But I'm hardly an expert on community theatre, and as I said, this is just the definition that's running around in my head now. Does anyone have any thoughts to contribute?


Leonard Jacobs said...

Your post is right on. I read Monica's post and I imagine Nate as her nemesis and best friend.

For me, "community theatre" is a branding problem and a perception problem and, in the end, a kind of nihilistic wag-the-dog discussion that cuts across each fault line of the American stage -- its rigid class stratification, its pedagogy, its funding issues, its dysfunctional relationship with provocative content and audience building and elitism and values, on and on.

It's like when we say "American theatre" and so many people think of Broadway. (Well, maybe not in Chicago, but the higher you go in this business, the more likely it is, in my experience.)

For the sake of argument, check out the homepage of the American Association of Community Theatres ( Is there anything here all that different from what "professional theatres" or practitioners should want to read or know about or use? Not to me.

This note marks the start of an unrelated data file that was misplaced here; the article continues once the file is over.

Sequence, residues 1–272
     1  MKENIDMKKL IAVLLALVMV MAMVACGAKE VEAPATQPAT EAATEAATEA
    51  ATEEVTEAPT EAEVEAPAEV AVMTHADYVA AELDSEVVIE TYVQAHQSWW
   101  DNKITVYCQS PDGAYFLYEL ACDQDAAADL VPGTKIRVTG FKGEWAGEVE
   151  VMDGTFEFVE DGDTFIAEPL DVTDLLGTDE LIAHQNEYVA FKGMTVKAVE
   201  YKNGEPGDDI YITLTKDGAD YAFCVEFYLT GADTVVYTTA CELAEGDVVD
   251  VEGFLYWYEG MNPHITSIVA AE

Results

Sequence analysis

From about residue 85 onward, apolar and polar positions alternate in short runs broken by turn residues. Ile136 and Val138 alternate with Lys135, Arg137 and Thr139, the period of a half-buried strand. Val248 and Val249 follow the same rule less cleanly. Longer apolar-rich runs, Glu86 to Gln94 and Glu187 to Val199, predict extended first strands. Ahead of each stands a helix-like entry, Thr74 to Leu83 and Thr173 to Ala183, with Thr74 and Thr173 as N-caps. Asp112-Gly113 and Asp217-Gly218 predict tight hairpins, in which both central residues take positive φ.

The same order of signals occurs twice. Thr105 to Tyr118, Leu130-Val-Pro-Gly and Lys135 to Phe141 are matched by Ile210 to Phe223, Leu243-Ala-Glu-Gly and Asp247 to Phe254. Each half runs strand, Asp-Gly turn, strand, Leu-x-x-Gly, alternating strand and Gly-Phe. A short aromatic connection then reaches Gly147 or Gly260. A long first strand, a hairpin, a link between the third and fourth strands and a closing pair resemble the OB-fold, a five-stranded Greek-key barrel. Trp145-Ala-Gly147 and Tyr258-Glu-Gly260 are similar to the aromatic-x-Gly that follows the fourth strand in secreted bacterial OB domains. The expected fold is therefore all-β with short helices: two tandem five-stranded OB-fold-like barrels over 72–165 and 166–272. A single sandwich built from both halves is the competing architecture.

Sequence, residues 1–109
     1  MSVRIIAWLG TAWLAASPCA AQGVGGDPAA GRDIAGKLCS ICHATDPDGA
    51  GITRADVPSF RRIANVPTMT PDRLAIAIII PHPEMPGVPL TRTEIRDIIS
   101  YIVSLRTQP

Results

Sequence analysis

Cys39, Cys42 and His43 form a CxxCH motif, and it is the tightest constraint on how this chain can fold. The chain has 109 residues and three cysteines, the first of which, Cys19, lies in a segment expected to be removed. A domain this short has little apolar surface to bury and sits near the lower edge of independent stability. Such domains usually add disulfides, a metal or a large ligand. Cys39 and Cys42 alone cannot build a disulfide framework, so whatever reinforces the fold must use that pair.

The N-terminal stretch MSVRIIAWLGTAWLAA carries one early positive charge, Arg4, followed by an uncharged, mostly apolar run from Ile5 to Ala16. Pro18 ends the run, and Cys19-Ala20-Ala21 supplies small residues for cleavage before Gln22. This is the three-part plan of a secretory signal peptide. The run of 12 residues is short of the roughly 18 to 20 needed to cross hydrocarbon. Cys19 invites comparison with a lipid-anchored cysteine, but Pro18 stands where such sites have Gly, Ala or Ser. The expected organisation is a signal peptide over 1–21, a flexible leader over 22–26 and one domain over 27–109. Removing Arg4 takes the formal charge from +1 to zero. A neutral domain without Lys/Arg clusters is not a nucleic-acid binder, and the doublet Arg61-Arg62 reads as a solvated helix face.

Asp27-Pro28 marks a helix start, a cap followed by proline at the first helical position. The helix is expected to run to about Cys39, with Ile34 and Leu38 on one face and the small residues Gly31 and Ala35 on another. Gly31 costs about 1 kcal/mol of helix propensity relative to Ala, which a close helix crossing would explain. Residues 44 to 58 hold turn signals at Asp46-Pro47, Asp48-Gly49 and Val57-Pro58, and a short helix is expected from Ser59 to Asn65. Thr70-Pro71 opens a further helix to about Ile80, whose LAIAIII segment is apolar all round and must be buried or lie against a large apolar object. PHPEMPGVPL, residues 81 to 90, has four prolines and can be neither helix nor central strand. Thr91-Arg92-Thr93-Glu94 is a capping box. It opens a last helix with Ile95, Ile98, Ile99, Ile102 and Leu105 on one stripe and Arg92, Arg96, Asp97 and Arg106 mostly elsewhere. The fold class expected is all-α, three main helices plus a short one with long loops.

Look at AACT's advocacy page in particular: Is there anything here so different from what those in the "professional theatre" ought to be concerned about? No, not really. As you say, it sure as heck isn't about being paid and it sure as heck isn't about quality, for quality is always in the eye of someone else's beholder.

Now ask me, as an arts professional, if I'd prefer to work in the "professional theatre" or "community theatre." I prefer the former, please. So we're back to square one.

Kerry said...

Excellent questions. Not sure I have any answers. There are theaters in the Chicago area such as Theatre of Western Springs that actively seek "members" from the community, regardless of resume. You take a workshop there, and then you're in..., so it's not really an audition thing. Then again, TWS has had shows directed by Steppenwolf's Rick Snyder -- he staged Bill Jepsen's "Cadillac" for them, about a year after it had its world premiere at Chicago Dramatists, which wouldn't seem to fit the "Waiting for Guffman" negative stereotype of community theaters.

Of course, as a biologist/performer friend of mine pointed out years ago, "community" itself refers to organisms competing for resources. So maybe the definition process is even more fraught than we imagined! ;)